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Re: All students read this sig fig post
taywebb wrote:Can someone help me with a quick review of zeros in sig figs? I always get confused as to which zeros count as significant and which ones do not.
1. All non zero numbers are significant.
ex) 613 has 3 sig figs
2. Zeros located between nonzero digits are significant
ex) 5004 has 4 sig figs
3. Trailing zeros (those at the end) are significant only if the number contains a decimal point; otherwise
they are insignificant (they don’t count)
ex) 10000. has 5 sig figs but 10000 only has 1 sig fig
4. Zeros to left of the first nonzero digit are insignificant
ex) 0.052 has 2 sig figs

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Re: All students read this sig fig post
Estelle Jung wrote:taywebb wrote:Can someone help me with a quick review of zeros in sig figs? I always get confused as to which zeros count as significant and which ones do not.
1. All non zero numbers are significant.
ex) 613 has 3 sig figs
2. Zeros located between nonzero digits are significant
ex) 5004 has 4 sig figs
3. Trailing zeros (those at the end) are significant only if the number contains a decimal point; otherwise
they are insignificant (they don’t count)
ex) 10000. has 5 sig figs but 10000 only has 1 sig fig
4. Zeros to left of the first nonzero digit are insignificant
ex) 0.052 has 2 sig figs
This was a great refresher, thank you!

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Re: All students read this sig fig post
I heard of a rule about keeping different numbers of sig figs depends on doing multiplication or addition. Does someone know about this rule and maybe help me clarify it? Thank you!

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Re: All students read this sig fig post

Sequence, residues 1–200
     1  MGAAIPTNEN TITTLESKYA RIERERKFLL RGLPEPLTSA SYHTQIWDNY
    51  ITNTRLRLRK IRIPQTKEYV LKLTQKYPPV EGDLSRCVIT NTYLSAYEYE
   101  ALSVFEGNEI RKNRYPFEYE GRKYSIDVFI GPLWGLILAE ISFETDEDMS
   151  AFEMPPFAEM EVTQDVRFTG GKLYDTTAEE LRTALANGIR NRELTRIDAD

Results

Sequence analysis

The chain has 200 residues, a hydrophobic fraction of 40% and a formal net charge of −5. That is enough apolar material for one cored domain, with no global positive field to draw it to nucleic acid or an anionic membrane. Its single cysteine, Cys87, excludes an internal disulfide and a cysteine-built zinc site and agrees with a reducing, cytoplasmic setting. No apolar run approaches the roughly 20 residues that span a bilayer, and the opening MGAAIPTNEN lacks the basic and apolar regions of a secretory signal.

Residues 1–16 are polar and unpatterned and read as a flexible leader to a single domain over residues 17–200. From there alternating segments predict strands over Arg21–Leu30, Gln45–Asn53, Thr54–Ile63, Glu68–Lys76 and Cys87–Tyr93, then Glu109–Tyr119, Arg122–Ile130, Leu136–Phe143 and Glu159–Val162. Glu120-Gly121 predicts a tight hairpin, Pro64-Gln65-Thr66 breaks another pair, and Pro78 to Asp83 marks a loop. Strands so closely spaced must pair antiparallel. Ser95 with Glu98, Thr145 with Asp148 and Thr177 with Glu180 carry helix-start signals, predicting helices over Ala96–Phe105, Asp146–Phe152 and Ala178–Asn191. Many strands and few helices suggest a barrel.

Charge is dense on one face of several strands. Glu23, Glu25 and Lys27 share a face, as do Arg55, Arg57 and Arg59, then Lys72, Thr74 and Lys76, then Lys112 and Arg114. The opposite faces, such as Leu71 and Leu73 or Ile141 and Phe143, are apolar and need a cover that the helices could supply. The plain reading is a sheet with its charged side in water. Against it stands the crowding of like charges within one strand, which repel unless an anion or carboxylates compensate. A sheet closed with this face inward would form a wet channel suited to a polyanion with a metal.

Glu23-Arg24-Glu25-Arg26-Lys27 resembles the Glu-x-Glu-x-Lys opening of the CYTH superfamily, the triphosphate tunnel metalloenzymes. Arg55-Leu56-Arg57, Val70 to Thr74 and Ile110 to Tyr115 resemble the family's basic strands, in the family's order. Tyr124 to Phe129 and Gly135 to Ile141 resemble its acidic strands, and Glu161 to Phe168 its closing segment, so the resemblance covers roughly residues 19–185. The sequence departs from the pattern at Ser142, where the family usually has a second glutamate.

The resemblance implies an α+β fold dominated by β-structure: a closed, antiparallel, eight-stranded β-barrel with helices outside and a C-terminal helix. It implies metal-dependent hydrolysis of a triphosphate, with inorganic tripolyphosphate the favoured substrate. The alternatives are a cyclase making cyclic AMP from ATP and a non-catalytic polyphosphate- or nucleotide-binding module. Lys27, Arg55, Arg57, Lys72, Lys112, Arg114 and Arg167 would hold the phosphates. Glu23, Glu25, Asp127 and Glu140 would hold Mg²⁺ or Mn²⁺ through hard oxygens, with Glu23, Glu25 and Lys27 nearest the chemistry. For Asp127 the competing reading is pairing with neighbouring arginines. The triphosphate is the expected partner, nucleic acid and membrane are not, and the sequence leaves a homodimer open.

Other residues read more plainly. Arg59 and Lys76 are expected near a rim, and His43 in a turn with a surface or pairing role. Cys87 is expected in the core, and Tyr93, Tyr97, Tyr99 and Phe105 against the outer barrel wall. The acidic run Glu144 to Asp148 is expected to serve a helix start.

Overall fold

When taking values from the periodic table (ex. for calculating molar mass), how many significant figures do you round to?

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Re: All students read this sig fig post
Yiwen Chen3G wrote:I heard of a rule about keeping different numbers of sig figs depends on doing multiplication or addition. Does someone know about this rule and maybe help me clarify it? Thank you!
For addition/subtraction your answer has to be the same as the smallest number of decimal places from the data and with multiplication/division the sig figs in your result is the same as the smallest number of sig figs from the data. This can be found in Appendix 1C in the textbook if you want to read more into it!

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Re: All students read this sig fig post
Justin Le 2I wrote:I think we will because you can't get make up extra significant figures. We have to get our answer from what data is available to us.
If we get it wrong do you think we will still get partial credit for trying?

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Re: All students read this sig fig post
Jasmine Reddy DIS 1E wrote:When taking values from the periodic table (ex. for calculating molar mass), how many significant figures do you round to?
Try to not round answers until the very last step. I usually use the entire given value from the periodic table then round to the smallest number of significant figures used in my calculations.

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Re: All students read this sig fig post
Arlene Linares 3A wrote:Justin Le 2I wrote:I think we will because you can't get make up extra significant figures. We have to get our answer from what data is available to us.
If we get it wrong do you think we will still get partial credit for trying?
I think we will as long as our answer is relatively close to the actual answer.

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Re: All students read this sig fig post
Lina Petrossian 3D wrote:Arlene Linares 3A wrote:Justin Le 2I wrote:I think we will because you can't get make up extra significant figures. We have to get our answer from what data is available to us.
If we get it wrong do you think we will still get partial credit for trying?
I think we will as long as our answer is relatively close to the actual answer.
Awesome thank you for the information.

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Re: All students read this sig fig post
You will still get a few points taken off if the significant figures are not correct.

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Re: All students read this sig fig post
Yes, it was stated in class that incorrect significant figures would lead to a deduction of 1 point from your answer. You only need to worry about them when writing your final answer though. When multiplying and dividing (so most of the problems) your answer must use the fewest number of significant figures that appear in your calculations.